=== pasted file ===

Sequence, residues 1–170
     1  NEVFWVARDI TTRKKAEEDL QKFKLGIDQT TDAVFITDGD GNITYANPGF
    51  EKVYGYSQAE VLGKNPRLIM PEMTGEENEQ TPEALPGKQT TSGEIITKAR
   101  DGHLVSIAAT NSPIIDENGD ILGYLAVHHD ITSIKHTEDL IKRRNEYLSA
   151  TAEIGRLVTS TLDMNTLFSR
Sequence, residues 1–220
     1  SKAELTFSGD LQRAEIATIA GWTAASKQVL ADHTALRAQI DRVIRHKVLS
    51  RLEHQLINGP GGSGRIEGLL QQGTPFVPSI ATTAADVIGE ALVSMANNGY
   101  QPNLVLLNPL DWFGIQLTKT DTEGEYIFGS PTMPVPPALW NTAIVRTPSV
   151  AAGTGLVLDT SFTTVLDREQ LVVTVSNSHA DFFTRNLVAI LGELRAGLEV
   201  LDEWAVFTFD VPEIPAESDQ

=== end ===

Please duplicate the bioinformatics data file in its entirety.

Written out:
Sequence, residues 1–170
     1  NEVFWVARDI TTRKKAEEDL QKFKLGIDQT TDAVFITDGD GNITYANPGF
    51  EKVYGYSQAE VLGKNPRLIM PEMTGEENEQ TPEALPGKQT TSGEIITKAR
   101  DGHLVSIAAT NSPIIDENGD ILGYLAVHHD ITSIKHTEDL IKRRNEYLSA
   151  TAEIGRLVTS TLDMNTLFSR
Sequence, residues 1–220
     1  SKAELTFSGD LQRAEIATIA GWTAASKQVL ADHTALRAQI DRVIRHKVLS
    51  RLEHQLINGP GGSGRIEGLL QQGTPFVPSI ATTAADVIGE ALVSMANNGY
   101  QPNLVLLNPL DWFGIQLTKT DTEGEYIFGS PTMPVPPALW NTAIVRTPSV
   151  AAGTGLVLDT SFTTVLDREQ LVVTVSNSHA DFFTRNLVAI LGELRAGLEV
   201  LDEWAVFTFD VPEIPAESDQ